Boris Johnson urged to act NOW to protect UK waters after Brexit ‘enough is enough!’

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The 50-square mile Dogger Bank area was designated a Special Area of Conservation in 2017 – but environmental campaigners Greenpeace have accused Boris Johnson of failing to take its importance seriously. Consequently, a spokesman said the decision had been taken to drop another 16 massive boulders in addition to 15 it already placed using its ship, the Esperanza, last week in a bid to deter bottom trawling vessels from operating in the area.

Greenpeace is calling on the UK Government to properly protect all of the UK’s marine protected areas by banning industrial fishing activity inside them – and has emphasised the massive opportunity presented by the UK’s decision to quit the bloc.

Research carried out in the summer suggested bottom trawling vessels in the Dogger Bank frequently operate illegally by switching their AIS positioning systems off, a breach of international and UK law.

The “boulder barrier” will be removed if the UK Government provides “credible commitments” to properly protect the area, Greenpeace has pledged.

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Chris Thorne, a Greenpeace UK oceans campaigner on board the ship, said: “If our Government is not willing to commit to proper protection for the Dogger Bank and the rest of the UK’s Marine Protected Areas, we are forced to continue doing all that we can to prevent bottom trawling from destroying this vital marine habitat.

“We can’t let bottom trawlers, which often operate illegally with their positioning systems off, continue to rip up the protected seabed while our Government does nothing.”

Mr Thorne added: “We will not sit idly by while our oceans are destroyed. Our Government continues to hide behind vague statements about its desire to protect our oceans sometime in the future. Enough is enough.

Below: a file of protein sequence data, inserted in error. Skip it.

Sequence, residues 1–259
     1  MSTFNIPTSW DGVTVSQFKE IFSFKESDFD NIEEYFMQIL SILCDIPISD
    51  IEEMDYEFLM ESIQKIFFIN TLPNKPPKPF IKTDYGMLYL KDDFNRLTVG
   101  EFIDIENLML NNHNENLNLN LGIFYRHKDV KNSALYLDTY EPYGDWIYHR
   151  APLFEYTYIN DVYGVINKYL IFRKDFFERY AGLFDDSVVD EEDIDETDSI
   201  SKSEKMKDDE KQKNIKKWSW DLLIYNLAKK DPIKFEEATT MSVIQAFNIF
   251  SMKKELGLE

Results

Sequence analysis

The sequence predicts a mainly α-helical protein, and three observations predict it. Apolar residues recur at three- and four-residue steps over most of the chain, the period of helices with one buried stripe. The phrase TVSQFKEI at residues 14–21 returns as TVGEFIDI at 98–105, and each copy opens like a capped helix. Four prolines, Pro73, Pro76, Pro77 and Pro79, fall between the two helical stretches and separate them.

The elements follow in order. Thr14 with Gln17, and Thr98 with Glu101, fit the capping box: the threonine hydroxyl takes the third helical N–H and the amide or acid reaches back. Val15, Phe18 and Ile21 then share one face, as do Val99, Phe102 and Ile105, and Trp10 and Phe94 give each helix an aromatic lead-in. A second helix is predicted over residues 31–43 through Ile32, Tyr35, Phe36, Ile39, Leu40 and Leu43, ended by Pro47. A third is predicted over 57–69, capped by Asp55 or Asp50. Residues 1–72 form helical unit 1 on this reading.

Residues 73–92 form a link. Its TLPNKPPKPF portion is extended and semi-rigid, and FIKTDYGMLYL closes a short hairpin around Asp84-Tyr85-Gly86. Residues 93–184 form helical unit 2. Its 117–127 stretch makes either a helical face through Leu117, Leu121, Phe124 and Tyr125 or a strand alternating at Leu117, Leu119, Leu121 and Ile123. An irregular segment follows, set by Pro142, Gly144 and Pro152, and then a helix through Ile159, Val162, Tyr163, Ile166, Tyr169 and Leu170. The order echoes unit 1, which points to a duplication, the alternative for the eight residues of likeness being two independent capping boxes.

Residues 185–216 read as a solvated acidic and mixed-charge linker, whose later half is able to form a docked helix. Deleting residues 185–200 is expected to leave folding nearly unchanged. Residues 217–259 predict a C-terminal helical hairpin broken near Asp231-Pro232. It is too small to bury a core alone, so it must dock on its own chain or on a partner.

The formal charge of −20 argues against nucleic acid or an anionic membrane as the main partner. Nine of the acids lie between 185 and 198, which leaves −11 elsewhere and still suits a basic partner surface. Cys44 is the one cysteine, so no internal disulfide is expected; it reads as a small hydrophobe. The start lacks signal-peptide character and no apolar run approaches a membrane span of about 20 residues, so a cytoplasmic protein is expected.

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“Even documentation of illegal and destructive bottom trawling in one of our protected areas set up specifically to protect the seabed hasn’t compelled our Government to act, so we are back with more boulders to continue with the creation of our bottom trawler exclusion zone.”

Urging Britain’s Prime Minister to act, he said: “Boris Johnson has said more fine words about protecting our environment at the United Nations, committing to 30 percent protection on land, but nearly half of our most important wildlife sites are already at risk having not been monitored for years.

“He’s also already committed to protecting 30 percent of our oceans, but if the Prime Minister fails to lay out concrete plans for delivering on these targets, then his fine words at the United Nations are meaningless.

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“They aren’t worth the paper they’re written on.”

In a letter to Greenpeace UK, dated September 25, 2020, the UK Government made no tangible commitments to properly protect the Dogger Bank, and formally requested that Greenpeace make “no further deposits” of boulders, Greenpeace revealed, claiming it had been left with “no choice” but to continue with the operation.

Some of the boulders have been signed by celebrities including Stephen Fry and Hugh Fearnley-Whittingstall.

Mr Fearnley-Whittingstall tweeted: “Today @BorisJohnson is making a pledge to conserve UK nature yet his new #FisheriesBill has no duty to make fishing sustainable. @GreenpeaceUK is dropping a boulder with my name on it on the Dogger Bank which will do more for marine protection than his bill.”

According to the Government, the Dogger Bank’s protected feature, the seabed, is in “unfavourable” condition, Greenpeace said.

Greenpeace UK notified all the relevant marine authorities immediately upon deploying each boulder to ensure safety for all mariners operating in the area.

Speaking last week after Greenpeace dropped the first 15 boulders, Barrie Deas, chief executive of the National Federation of Fishermen’s Organisations (NFFO), told “First and foremost we fear for the crews of our vessels should their gear become entangled in what Greenpeace are describing as ‘massive granite boulders’.

“Secondly, AIS is not a fisheries enforcement tool – that is provided by the VMS (vessel monitoring system) – a satellite system that is mandatory for fishing vessels over 12 metres. So vessel monitoring for enforcement purposes is not an issue.

“Thirdly, bottom trawling is not illegal on the Dogger Bank.

A Defra spokesperson said: “We are putting sustainable fishing and protection of our seas at the heart of our future fishing strategy.

“We have already set up a ‘Blue Belt’ of protected waters nearly twice the size of England and the Fisheries Bill proposes new powers to better manage and control our Marine Protected Areas and English waters.

“The Common Fisheries Policy currently restricts our ability to implement tougher protections, but leaving the EU and taking back control of our waters as an independent coastal state means we can introduce stronger measures.”

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